Voices in Education

Too Much Diversity?: The Abigail Fisher Case and Race in College Admissions
On October 10th, the Supreme Court heard oral arguments in a case contesting the use of race in college admissions brought by petitioner, Abigail Noel Fisher, against The University of Texas at Austin. This is the third time that affirmative action has been brought before the Court. The Court previously reviewed affirmative action in Regents of the University of California v. Bakke (1978) and Gratz v. Bollinger (2003) together with Grutter v. Bollinger (2003). Having been involved inthe legal defense team that provided social science evidence in Gratz and Grutterat University of Michigan, I read the court transcripts for the Fisher case with great interest. The lawyers from both sides claim that they are not challenging diversity as a compelling interest. Nor do they challenge the educational benefits of diversity in college, a fact consistently established by evidence gained through social science research (see, for example, the 2002 article I coauthored with Patricia Gurin, Eric Dey, and Gerald Gurin in 2002, “Diversity and Higher Education: Theory and Impact on Educational Outcomes,” published in the Harvard Educational Review). It was surprising that the petitioner’s lawyers did not claim to overrule Grutter (the Michigan graduate case where admissions involved a whole student review of individual applications). Justice Sotomayor proved she was aware of their intentions, however, when she said to Fisher’s counsel, “So you don't want to overrule Grutter, you just want to gut it.” That is, the intent was to “narrow the window” in which race can be used in admissions so much as to render the two previous decisions in Bakke and Grutter meaningless.

The University of Texas uses the race-neutral 10 percent plan for 75 percent of those they admit. Then, to achieve more diversity, the university uses a process similar to what is used at many selective colleges—individualized review for the remainder of students (who are evaluated on both academic and personal characteristics). That is, the majority of students are admitted if they rank in the top 10% of any high school in the state (with ranking determined by student grade point averages). While this policy increases representation of every state high school, there are many other details about a student’s background that are relevant to the university’s goals in identifying talent and leadership for a diverse state. These qualities can be recognized through a holistic admissions review. In most selective admissions processes, readers use holistic review of a file to attempt to understand the factors that make achievements more extraordinary. This helps them to identify students that demonstrate extraordinary leadership, talent in music, commitments to public service, and what UC Berkeley has called “pluck” or determination to overcome obstacles in order to succeed. Race is not a predominant factor in holistic selection in determining contributions to a campus and to the public good, but it does affect one’s circumstances, perspective, and commitments. It is hard to imagine a more constrained approach that will also achieve the educational benefits of diversity. A race-neutral procedure alone does not go far enough in achieving diversity, as shown by the low levels of diversity at The University of Texas prior to 2004 and at elite California institutions that only use race-neutral processes.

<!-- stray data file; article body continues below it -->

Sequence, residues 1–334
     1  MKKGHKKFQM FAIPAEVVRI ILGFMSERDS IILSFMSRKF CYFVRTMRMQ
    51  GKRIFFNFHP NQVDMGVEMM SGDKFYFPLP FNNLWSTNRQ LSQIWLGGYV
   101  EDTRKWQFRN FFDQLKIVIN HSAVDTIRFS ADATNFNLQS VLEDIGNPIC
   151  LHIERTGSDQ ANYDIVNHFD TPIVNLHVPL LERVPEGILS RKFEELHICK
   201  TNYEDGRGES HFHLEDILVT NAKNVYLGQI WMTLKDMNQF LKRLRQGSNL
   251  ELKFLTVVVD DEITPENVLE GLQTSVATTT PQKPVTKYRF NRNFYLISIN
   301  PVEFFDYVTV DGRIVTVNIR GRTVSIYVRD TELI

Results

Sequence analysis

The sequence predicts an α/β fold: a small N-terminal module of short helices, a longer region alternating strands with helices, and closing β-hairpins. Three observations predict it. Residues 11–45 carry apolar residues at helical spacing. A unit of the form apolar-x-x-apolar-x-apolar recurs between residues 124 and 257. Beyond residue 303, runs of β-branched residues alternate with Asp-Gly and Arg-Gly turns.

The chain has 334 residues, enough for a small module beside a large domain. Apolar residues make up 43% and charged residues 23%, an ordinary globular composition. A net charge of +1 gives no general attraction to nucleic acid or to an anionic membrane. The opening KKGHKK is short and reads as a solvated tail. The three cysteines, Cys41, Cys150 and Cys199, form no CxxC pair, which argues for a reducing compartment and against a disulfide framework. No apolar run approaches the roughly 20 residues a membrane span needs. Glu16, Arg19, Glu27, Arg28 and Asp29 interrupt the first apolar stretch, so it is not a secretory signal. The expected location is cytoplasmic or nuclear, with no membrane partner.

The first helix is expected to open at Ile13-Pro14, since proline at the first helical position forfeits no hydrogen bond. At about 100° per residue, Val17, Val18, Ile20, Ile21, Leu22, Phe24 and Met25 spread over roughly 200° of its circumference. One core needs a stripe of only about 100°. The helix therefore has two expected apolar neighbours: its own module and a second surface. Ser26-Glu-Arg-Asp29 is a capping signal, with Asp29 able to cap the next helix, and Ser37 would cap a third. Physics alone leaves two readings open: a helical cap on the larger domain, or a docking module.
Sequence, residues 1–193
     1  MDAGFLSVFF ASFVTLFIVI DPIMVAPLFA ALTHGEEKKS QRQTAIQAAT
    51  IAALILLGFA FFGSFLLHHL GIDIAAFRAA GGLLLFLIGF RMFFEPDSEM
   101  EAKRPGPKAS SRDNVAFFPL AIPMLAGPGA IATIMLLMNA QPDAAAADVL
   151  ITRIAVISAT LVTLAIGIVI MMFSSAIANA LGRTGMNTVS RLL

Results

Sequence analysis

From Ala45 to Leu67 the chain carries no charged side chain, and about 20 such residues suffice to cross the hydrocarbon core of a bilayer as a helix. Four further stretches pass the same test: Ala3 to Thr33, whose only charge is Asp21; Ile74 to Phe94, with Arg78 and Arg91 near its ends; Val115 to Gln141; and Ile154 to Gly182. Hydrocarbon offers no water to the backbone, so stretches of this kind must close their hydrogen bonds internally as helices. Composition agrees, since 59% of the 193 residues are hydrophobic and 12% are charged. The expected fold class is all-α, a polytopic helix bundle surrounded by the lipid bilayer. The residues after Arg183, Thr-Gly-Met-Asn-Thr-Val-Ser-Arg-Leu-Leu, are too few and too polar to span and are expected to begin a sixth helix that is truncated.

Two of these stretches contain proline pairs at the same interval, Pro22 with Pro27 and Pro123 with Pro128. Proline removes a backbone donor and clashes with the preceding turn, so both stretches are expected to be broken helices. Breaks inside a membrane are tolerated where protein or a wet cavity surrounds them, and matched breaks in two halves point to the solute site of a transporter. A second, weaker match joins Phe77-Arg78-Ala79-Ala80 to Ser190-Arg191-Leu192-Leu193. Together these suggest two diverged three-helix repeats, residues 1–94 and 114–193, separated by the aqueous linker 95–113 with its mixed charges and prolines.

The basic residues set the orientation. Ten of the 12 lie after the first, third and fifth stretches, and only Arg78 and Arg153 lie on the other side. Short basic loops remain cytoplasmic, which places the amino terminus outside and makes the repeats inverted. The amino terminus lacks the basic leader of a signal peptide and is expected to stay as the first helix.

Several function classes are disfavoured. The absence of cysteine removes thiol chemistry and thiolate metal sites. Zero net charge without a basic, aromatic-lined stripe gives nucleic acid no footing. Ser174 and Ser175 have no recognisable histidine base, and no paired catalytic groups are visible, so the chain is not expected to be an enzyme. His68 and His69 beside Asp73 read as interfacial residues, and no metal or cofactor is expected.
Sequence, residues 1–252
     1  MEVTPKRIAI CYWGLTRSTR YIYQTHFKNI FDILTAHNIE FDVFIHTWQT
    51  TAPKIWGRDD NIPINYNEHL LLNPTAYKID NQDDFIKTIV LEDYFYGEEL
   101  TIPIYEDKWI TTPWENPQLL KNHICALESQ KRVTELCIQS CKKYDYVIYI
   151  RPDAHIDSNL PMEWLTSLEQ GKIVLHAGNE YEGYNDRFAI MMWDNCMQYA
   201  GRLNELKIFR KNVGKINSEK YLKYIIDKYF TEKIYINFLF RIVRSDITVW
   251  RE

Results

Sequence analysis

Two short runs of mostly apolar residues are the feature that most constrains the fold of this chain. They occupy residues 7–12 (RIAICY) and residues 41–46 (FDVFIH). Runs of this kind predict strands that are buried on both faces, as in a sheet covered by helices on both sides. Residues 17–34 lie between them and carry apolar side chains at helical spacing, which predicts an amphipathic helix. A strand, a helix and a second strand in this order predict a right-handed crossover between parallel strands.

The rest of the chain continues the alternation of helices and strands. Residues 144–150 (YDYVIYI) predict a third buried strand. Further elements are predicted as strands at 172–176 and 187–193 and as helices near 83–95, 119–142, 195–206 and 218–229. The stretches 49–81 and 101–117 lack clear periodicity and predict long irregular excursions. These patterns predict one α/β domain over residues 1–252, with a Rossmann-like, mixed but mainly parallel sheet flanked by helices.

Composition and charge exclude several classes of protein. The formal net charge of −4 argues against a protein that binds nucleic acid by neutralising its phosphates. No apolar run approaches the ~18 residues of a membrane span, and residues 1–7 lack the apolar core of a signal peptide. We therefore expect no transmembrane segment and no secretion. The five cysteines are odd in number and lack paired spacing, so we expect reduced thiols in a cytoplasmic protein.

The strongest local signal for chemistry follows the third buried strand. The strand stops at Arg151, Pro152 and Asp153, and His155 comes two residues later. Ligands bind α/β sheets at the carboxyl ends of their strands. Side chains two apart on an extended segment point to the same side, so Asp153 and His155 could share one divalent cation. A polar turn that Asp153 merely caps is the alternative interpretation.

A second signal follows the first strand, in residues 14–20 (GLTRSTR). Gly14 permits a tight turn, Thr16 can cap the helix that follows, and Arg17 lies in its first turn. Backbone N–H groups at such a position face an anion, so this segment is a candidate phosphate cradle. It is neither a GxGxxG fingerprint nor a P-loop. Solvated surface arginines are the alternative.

How an institution may go about achieving diversity in a student body remains in contention in this case and all previous cases. Much of the Court discussion centered on the climate of an institution, focusing on what constitutes a critical mass necessary to prevent racial isolation, stereotyping, and minority students from becoming spokespersons for their race in classrooms. The late John Payton, former President of the NAACP and the principal Washington-based lawyer representing the University of Michigan in the Grutter case, foretold that this issue of critical mass would return to haunt the Court. The conservative justices in Fisher pushed for a clearer definition of the term, but writing one could quickly lead to accusations of establishing a quota (which the Court already found unconstitutional in Bakke).